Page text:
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Monday, 26 November, 2001, 06:25 GMT
'Rogue wave' theory for ship disaster
MV Derbyshire
The 44 crewmen perished when the bulk carrier sank
Scientists have discovered that a rogue wave pattern helped cause one of the UK's biggest maritime disasters.

More than 40 people died when the MV Derbyshire was lost during a typhoon in the South China Sea in 1980.

An inquiry ruled last year that a hatch cover had failed to withstand the pressure caused by huge waves which buffeted the 160,000-tonne bulk carrier.

Now further research has shown the ship got into trouble because the waves were exactly the same length as the vessel.

wreck of the MV Derbyshire
Scientists examined the wreck site in 1997
The study, carried out by experts at the University of Lancaster, has called for ships such as the Derbyshire to be made much stronger so they can take the strain of extreme weather conditions.

Dr Janet Heffernan analysed wave patterns experienced by the Derbyshire.

She said: "It was a coincidence that the length of the ship was almost exactly the same length as the wave.

"If the wave is smaller than the ship, then the vessel can cope with it.

"If the wave is much bigger, then the ship bobs on top of the wave, a bit like a duck.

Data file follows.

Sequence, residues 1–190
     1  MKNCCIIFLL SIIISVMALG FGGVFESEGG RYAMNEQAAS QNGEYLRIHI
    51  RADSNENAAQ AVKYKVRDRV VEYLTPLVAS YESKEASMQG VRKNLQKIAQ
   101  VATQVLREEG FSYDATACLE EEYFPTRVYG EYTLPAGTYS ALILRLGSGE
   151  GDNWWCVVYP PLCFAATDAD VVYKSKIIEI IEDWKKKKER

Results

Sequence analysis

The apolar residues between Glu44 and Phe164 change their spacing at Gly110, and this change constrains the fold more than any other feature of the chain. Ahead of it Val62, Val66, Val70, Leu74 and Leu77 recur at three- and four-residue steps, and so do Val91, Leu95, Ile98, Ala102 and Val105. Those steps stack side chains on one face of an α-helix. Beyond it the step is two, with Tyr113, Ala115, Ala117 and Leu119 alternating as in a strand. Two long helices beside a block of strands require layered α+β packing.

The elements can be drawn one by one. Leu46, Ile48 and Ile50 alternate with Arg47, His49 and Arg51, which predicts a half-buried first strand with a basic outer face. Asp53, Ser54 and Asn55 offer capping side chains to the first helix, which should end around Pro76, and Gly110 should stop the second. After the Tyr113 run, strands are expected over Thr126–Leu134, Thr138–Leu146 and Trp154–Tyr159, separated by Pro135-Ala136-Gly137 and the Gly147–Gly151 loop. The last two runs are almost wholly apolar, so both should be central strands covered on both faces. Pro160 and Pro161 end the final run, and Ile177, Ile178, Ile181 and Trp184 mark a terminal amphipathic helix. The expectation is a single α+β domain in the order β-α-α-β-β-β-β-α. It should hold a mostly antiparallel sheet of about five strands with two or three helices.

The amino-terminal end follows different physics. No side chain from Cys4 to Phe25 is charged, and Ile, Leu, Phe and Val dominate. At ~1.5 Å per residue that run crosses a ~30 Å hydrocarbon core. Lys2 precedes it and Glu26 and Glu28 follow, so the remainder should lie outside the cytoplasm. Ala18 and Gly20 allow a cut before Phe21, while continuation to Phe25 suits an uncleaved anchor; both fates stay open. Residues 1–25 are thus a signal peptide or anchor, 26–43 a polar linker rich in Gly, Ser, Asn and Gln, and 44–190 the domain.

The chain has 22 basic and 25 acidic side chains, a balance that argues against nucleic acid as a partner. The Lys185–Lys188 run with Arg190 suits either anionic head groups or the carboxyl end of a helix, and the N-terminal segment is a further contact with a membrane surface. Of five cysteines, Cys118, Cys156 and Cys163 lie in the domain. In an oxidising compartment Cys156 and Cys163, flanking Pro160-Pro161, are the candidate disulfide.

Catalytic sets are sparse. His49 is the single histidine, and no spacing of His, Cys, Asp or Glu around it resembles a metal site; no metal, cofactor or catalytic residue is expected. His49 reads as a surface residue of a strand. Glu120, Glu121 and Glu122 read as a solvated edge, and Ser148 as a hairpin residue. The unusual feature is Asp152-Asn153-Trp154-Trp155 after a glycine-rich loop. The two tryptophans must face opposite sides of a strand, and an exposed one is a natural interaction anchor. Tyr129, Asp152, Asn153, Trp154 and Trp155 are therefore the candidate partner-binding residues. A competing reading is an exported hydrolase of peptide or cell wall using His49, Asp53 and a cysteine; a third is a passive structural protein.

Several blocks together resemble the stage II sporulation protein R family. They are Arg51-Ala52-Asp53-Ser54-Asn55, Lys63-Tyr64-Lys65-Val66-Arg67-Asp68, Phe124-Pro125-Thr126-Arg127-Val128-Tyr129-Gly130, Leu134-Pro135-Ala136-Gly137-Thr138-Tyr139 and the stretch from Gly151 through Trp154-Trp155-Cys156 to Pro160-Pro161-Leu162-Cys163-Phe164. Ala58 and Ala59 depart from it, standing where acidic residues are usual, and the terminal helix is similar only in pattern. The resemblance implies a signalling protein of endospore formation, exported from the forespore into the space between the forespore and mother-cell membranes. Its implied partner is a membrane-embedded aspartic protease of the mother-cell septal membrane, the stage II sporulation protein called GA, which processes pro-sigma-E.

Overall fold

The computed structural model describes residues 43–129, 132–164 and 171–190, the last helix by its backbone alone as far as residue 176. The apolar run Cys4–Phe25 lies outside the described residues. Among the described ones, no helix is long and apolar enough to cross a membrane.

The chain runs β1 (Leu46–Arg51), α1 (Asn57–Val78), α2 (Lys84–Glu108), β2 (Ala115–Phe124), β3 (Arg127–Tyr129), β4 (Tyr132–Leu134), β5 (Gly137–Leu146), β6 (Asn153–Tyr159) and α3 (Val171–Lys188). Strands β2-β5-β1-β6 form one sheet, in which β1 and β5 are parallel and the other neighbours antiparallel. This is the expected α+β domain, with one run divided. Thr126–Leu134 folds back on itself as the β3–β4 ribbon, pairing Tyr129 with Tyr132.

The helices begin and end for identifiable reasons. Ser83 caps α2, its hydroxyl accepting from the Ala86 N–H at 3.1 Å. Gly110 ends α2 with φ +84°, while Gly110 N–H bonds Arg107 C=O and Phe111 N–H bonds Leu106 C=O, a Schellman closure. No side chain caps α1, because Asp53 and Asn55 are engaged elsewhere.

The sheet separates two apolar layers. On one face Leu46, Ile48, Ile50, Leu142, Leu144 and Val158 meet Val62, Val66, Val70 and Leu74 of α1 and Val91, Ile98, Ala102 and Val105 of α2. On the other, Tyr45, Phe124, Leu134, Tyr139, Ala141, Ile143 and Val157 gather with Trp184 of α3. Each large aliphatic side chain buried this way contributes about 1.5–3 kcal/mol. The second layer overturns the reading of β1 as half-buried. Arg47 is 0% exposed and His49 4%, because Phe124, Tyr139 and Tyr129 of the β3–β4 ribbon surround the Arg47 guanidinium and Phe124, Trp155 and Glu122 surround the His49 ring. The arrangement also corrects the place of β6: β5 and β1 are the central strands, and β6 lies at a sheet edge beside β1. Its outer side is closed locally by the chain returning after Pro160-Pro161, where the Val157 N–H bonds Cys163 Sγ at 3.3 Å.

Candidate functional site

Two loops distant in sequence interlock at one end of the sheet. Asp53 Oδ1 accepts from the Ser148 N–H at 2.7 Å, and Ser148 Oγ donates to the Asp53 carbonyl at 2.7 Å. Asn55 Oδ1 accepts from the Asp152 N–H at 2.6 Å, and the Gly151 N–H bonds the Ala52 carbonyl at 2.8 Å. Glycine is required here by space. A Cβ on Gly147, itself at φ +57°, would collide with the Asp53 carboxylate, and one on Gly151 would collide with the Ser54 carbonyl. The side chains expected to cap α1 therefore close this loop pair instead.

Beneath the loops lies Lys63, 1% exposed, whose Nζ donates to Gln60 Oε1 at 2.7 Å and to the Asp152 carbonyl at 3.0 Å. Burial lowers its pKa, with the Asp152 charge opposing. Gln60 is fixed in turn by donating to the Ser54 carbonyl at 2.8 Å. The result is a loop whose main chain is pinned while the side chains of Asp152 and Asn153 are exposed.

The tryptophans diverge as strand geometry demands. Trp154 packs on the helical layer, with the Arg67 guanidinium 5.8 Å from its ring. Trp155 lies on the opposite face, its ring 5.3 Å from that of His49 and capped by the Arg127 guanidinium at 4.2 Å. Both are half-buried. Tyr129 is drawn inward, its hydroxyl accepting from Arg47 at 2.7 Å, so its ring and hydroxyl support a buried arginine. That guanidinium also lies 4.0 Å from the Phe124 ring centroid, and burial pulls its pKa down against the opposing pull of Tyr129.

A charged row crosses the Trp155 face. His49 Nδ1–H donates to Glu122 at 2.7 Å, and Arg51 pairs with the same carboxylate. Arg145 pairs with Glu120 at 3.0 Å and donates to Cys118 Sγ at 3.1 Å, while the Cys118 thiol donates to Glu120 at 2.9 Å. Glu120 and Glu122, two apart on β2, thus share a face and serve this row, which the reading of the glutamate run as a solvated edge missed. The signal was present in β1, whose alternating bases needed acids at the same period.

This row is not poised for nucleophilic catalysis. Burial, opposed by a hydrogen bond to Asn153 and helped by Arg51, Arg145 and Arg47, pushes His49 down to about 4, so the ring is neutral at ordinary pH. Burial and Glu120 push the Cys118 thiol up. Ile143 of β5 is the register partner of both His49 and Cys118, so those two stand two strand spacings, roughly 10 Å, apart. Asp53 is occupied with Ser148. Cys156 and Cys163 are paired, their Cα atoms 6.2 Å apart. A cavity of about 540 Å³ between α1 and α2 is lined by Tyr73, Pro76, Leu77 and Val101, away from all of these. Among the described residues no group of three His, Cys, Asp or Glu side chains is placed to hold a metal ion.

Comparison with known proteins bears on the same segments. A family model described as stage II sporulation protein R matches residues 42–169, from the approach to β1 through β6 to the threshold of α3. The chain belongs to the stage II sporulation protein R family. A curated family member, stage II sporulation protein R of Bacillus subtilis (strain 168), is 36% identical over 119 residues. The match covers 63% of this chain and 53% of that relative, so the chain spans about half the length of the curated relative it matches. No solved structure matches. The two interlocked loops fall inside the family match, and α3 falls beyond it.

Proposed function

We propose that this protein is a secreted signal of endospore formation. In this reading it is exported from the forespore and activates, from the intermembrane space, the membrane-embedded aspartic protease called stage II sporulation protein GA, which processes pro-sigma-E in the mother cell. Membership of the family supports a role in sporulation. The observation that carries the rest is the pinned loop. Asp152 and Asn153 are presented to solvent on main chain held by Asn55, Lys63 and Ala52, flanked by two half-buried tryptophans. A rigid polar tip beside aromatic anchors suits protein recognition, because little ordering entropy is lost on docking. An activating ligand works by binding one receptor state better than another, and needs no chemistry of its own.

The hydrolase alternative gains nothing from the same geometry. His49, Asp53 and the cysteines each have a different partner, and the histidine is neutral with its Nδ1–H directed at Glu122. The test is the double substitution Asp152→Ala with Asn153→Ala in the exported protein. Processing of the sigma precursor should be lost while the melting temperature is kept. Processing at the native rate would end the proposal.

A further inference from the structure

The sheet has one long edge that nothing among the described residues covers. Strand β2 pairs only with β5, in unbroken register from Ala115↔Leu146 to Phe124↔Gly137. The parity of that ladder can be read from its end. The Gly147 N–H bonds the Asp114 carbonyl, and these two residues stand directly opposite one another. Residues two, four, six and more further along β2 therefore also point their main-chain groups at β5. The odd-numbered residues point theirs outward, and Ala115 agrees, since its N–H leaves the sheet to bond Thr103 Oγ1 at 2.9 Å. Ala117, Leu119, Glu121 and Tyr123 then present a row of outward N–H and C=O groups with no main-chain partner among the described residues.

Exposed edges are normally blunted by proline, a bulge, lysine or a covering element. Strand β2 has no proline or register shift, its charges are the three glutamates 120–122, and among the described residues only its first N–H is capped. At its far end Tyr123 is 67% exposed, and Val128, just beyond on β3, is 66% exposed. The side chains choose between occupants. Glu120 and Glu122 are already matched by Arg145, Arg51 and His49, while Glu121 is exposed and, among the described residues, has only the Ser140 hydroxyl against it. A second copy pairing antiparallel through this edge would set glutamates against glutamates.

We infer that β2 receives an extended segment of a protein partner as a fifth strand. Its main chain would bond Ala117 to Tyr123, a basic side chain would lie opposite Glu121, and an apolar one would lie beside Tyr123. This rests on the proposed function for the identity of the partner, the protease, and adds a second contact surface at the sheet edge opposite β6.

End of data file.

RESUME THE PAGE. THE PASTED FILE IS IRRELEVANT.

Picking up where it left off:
Intolerable pressure

"But if the wave is the same length then the ship picks up the frequency of the sea and rises and falls with the waves."

The research has shown that this led to intolerable pressure on the Derbyshire, especially on a hatch cover which burst open and ultimately led to the loss of the ship and 44 crewmen.

Dr Heffernan's research, which also states the case for improving safety for bulk carriers, was ordered following last year's inquiry.

Obviously I would welcome anything which improves safety at sea but unless the recommendations are acted on then there will be further losses

Paul Lambet, Derbyshire Families Association

The inquiry, led by Mr Justice Colman, overturned an earlier report which lay the blame for the disaster on the crewmen.

It was greeted as a victory by families of the crewmen.

But Liverpool-based Derbyshire Families Association spokesman, Paul Lambert, who lost his 19-year-old brother Peter in the disaster, said: "It is one thing coming up with ideas for preventing this sort of thing happening again but it is another thing making ship owners implement them.

"There were 22 improvements called for after the Derbyshire inquiry and none have been taken on board."

Among the measures recommended were aircraft-style "black box" trip recorders and alarms to alert the captain if water was being taken on.

Mr Lambert said: "Obviously I would welcome anything which improves safety at sea but unless the recommendations are acted on then there will be further losses."

Since the Derbyshire sank, more than 300 bulk carriers have gone down with the loss of more than 1,000 lives.

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